Amit SchejterChange Photo
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  • College of Communications
    University Park, PA 16802
  • 814-865-3717
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  • Amit Schejter is Associate Professor of Communications and co-director of the Institute for Information Policy at the... moreedit
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This article on the civic struggles of residents of the demolished Bedouin village of Al-’Arakeeb in Israel demonstrates how social media have helped marginalized communities acquire a voice. It is based on site visits to the village over... more
This article on the civic struggles of residents of the demolished Bedouin village of Al-’Arakeeb in Israel demonstrates how social media have helped marginalized communities acquire a voice. It is based on site visits to the village over the course of a year beginning in July 2010, and on interviews with residents, Bedouin and Jewish activists, and journalists covering the conflict. Media strategies of villagers and activists are described and analyzed, and use of new and old media by people with limited access to telecommunications infrastructure is explored. Subsequent news accounts of the strug- gle and the journalist interviews point to a multifaceted role social media play in progressive social change for the Bedouin.
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The recent merger of News Corp. and Dow Jones highlights the latest threat to the integrity of business news in the United States and beyond. We argue that this threat comes from the mingling of journalistic and commercially motivated... more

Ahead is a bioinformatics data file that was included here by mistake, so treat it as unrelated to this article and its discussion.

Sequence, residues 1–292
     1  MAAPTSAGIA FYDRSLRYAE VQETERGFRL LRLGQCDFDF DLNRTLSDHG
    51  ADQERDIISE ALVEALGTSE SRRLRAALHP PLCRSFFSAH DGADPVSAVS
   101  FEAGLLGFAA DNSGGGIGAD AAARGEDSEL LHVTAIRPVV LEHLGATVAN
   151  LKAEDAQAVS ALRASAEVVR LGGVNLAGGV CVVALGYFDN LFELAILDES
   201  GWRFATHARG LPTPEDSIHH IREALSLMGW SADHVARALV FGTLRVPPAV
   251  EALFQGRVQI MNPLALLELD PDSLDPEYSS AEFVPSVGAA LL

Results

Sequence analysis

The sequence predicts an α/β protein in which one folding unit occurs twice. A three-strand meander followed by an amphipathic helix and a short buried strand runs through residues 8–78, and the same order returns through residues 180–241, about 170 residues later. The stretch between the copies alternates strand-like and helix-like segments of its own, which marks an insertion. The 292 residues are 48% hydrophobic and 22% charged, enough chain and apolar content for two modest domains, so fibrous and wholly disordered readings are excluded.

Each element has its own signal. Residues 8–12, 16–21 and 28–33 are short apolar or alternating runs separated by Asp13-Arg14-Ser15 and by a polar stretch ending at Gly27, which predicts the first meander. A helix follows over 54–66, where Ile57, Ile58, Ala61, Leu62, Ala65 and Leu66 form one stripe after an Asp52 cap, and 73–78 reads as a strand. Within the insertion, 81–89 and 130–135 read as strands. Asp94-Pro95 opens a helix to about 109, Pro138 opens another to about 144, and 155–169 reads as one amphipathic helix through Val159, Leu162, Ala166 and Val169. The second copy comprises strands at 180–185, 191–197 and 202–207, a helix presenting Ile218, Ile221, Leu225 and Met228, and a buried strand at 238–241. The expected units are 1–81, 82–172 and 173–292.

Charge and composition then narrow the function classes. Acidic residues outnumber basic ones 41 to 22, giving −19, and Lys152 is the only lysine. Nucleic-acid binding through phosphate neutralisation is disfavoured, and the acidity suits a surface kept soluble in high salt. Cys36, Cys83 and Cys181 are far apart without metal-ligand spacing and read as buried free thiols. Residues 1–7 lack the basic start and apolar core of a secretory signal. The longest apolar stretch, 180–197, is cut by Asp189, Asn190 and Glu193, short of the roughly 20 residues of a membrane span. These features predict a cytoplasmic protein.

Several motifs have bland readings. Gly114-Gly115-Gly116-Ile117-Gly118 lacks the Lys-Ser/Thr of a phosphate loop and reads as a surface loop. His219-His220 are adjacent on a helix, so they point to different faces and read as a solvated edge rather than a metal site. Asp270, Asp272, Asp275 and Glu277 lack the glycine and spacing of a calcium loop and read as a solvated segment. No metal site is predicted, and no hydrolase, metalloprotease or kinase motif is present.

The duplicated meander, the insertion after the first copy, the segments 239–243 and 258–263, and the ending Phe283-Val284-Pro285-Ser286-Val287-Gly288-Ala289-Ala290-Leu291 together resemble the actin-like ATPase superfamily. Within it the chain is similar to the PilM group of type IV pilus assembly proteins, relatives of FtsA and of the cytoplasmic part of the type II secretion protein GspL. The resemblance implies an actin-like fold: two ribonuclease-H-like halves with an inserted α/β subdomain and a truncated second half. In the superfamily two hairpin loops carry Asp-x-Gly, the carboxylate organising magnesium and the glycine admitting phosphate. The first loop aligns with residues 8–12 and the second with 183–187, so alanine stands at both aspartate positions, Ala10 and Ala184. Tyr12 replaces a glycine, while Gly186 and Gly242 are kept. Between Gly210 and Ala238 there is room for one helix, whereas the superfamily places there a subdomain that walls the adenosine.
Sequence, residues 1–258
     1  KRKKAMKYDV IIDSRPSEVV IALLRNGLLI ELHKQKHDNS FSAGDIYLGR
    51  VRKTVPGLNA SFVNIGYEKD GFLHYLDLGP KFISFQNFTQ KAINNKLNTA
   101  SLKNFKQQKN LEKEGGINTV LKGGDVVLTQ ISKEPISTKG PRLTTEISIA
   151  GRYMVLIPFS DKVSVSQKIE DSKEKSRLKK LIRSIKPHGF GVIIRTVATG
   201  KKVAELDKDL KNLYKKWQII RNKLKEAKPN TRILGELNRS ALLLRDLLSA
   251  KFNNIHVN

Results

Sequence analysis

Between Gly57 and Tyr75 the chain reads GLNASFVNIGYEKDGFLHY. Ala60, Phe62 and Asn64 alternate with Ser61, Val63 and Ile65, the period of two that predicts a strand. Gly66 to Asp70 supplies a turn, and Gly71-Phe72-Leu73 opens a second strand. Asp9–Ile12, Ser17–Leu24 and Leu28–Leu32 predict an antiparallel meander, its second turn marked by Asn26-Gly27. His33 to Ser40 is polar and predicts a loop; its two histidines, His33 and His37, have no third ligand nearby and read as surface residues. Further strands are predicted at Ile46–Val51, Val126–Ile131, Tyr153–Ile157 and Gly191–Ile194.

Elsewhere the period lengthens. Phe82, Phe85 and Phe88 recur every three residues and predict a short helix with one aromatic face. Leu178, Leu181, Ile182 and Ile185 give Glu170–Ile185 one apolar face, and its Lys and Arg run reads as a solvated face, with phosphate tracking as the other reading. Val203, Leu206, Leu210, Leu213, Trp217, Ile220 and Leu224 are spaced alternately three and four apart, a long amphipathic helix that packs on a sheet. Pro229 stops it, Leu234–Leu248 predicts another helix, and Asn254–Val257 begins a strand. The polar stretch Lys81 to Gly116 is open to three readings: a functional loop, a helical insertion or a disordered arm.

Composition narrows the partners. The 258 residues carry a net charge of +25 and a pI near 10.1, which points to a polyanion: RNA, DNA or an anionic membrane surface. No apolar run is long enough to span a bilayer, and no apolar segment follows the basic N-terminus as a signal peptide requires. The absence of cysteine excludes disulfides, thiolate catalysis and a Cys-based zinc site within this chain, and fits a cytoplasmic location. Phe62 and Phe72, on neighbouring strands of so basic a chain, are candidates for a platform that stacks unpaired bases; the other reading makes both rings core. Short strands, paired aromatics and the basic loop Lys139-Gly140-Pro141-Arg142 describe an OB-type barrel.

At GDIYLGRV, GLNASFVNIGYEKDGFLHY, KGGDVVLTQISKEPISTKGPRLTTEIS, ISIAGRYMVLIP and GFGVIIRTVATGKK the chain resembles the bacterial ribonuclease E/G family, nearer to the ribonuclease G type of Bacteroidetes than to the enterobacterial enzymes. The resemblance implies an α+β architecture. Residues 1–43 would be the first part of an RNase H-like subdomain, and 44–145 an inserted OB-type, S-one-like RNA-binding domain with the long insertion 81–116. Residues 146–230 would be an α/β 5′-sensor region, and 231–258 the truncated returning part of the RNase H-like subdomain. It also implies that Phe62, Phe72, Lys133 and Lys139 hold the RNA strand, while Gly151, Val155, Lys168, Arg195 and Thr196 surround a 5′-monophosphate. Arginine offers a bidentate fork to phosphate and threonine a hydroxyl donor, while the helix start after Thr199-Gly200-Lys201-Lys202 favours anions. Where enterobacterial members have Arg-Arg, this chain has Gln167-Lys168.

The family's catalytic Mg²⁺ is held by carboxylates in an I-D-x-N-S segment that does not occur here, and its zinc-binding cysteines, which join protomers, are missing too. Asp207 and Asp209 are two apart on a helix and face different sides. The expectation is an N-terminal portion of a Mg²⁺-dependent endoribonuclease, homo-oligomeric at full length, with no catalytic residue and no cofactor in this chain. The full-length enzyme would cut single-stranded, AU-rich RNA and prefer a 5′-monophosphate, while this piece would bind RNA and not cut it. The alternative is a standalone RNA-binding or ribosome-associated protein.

The recent merger of News Corp. and Dow Jones highlights the latest threat to the integrity of business news in the United States and beyond. We argue that this threat comes from the mingling of journalistic and commercially motivated speech, and especially, from the latter masquerading as the former. Using the “speech transparency theory” framework, we recommend separating institutionally or editorially commercial and journalistic speech to create a more transparent environment for the consumption of business news.
Abstract The media have traditionally been assigned a role in creating a unified national identity, a process that has often come at the expense of recognizing the distinct identities of minority groups.
Access to comparable telephone services at affordable prices for all telephone customers, wherever they live, has been a policy goal of both the Federal government and the Commonwealth of Pennsylvania for decades, with the federal... more
Access to comparable telephone services at affordable prices for all telephone customers, wherever they live, has been a policy goal of both the Federal government and the Commonwealth of Pennsylvania for decades, with the federal government having the further objective to achieve comparable rural and urban prices. At the same time both have also set out to promote competition in the telecommunications market as a means for achieving most of their policy goals.
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